Remote work promising though not quite for AfricaLeave a comment / By: manifel / 05 September, 2020 12:47:53PM
As the Covid-19 pandemic has taken hold, not much was known whether, or to what extent, working from home could affect productivity.
This has inevitably led to various surveys on how remote work is doing. It is important to know, as productivity drives economic growth and sustainability.
The findings are unexpectedly promising. One such survey of 800 corporate employers conducted by the HR consulting firm Mercer shows working from home as productive as before the pandemic, if not better.
94 per cent of the employers in the survey say their company productivity was actually the same (67%) or higher (27%) than it was before the pandemic, despite many of their employees having been working remotely this year.
One in three of the employers now expect half or more of their employees to continue working remotely post-pandemic.
Though the survey findings don’t quite speak for most countries in Africa, their significance is in showing what is possible in repairing battered economies.
But they also highlight crucial differences why much of the continent will lag in reaping from remote work.
The differences are better articulated by the International Labour Organisation, which has analysed the potential share of workers across the different regions of the world who could work from home.
The ILO estimates that, while around 30 percent of North American and Western European workers are in occupations that allow home-based work, in Sub-Saharan African it is only 6 per cent.
One of the underlying reasons for the disparity is income levels, which reflect the economic and occupational structures of countries.
Other factors are social and environmental — such as access to broadband internet and likelihood of owning a personal computer, whether the housing situation allows working from home, or whether the person has the necessary social networks, such as having fixed clients, for other types of home-based work.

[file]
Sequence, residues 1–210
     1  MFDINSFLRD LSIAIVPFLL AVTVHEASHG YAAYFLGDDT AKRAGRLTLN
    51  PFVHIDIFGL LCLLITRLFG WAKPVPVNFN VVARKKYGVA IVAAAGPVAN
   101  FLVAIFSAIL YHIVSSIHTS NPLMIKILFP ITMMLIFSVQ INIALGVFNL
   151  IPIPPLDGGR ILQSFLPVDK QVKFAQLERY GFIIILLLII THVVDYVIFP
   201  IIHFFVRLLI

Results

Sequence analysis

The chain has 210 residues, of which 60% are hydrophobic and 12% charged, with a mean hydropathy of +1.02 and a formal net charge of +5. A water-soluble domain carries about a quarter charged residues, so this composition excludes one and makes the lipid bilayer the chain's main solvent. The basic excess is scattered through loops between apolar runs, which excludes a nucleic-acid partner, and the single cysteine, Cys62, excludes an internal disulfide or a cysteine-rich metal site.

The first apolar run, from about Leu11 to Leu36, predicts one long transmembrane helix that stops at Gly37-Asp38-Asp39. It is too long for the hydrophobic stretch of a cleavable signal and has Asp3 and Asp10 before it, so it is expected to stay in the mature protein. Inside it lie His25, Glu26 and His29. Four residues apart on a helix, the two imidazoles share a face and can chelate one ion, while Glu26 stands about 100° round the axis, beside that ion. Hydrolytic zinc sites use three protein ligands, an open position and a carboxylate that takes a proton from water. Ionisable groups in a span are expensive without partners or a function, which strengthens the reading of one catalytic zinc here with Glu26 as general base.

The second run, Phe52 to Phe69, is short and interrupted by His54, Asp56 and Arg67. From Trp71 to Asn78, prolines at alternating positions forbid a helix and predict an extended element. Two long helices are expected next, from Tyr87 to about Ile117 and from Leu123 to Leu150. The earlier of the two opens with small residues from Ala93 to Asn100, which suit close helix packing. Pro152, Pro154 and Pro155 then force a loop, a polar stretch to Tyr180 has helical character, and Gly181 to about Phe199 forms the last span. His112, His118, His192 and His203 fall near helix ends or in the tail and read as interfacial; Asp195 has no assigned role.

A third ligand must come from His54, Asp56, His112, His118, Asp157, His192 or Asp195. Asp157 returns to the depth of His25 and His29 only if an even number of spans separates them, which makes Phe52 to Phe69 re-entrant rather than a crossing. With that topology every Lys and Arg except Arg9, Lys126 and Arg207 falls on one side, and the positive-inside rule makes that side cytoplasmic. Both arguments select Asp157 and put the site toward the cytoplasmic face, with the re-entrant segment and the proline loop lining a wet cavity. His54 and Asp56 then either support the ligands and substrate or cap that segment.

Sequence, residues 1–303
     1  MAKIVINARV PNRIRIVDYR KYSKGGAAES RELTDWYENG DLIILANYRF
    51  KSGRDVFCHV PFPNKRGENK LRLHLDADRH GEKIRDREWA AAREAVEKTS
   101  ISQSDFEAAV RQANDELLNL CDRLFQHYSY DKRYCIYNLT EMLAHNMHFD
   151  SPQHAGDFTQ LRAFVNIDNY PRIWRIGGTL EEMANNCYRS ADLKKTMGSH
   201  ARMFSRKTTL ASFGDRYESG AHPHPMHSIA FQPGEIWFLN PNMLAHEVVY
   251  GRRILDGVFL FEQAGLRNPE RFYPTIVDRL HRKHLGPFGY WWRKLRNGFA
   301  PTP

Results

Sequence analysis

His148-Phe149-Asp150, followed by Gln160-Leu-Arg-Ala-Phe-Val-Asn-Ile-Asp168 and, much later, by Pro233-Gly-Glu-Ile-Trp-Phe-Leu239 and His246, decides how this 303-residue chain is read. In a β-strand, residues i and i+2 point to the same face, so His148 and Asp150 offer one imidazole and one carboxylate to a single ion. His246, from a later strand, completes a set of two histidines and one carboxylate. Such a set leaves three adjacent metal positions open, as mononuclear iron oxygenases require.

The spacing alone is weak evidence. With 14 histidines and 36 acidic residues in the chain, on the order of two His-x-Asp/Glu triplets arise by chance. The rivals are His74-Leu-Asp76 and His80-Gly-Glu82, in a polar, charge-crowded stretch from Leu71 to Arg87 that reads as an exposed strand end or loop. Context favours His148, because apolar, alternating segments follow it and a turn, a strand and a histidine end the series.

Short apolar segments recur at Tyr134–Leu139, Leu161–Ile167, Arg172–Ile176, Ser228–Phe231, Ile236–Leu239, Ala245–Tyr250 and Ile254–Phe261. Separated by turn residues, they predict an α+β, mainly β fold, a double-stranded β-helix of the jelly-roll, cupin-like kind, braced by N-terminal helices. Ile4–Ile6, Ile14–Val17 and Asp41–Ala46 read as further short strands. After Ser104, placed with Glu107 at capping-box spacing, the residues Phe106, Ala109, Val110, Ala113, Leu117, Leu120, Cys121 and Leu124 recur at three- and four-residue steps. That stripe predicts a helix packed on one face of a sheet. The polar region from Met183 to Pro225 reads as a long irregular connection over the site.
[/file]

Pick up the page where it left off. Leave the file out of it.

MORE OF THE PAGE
In the same vein, many workers in developing nations are employed in occupations that cannot be done from home. These occupations are also more common.
Labour experts show that it is six times more common to be a street vendor in a low-income country than in a high-income country, and 17 times more common to be an agricultural labourer.
The ILO analysis however shows that while not all occupations can be done at home, many could. Only that the potential to do so requires, at a minimum, that countries make the necessary investments in improving telecommunications infrastructure.
Other digital advances such as digital authentication and mobile banking and mobile payment systems can potentially allow more occupations to continue their activities. This is an area Rwanda and other EAC countries have an edge.
The labour organisation adds that future investments in housing could relieve overcrowding, making it more feasible for people to work from home, or at least to be more productive whilst working from home.
And, with the shift to working from home, both during and potentially after the crisis, it will be necessary for governments to ensure that homeworkers — whether traditional, industrial homeworkers or ICT-enabled home-based employees — are provided the same rights and benefits as if they were working at their employers’ site.
These should include equality of treatment in remuneration and other working conditions.
The call should also apply to those who worked from home before Covid-19. Their extent can be drawn from the ILO, which has estimated the world’s workforce that worked from home on a permanent basis prior to the pandemic.
The estimates vary for the region, as elsewhere. In Rwanda and Uganda, for instance, those working from home permanently before Covid-19 were between 10-15 per cent of the workforce.
In Tanzania they were less than 5 per cent. While no data is available for the other EAC countries, of the 15 million in informal employment Kenya, a significant number worked from home before the pandemic.
Most of these workers — not just in the EAC but around the world, worked in a wide range of occupations including industrial outworkers (e.g. embroidery stitchers and beedi rollers in India), artisans, self-employed business owners and freelancers, in addition to employees.
The views expressed in this article are of the author.
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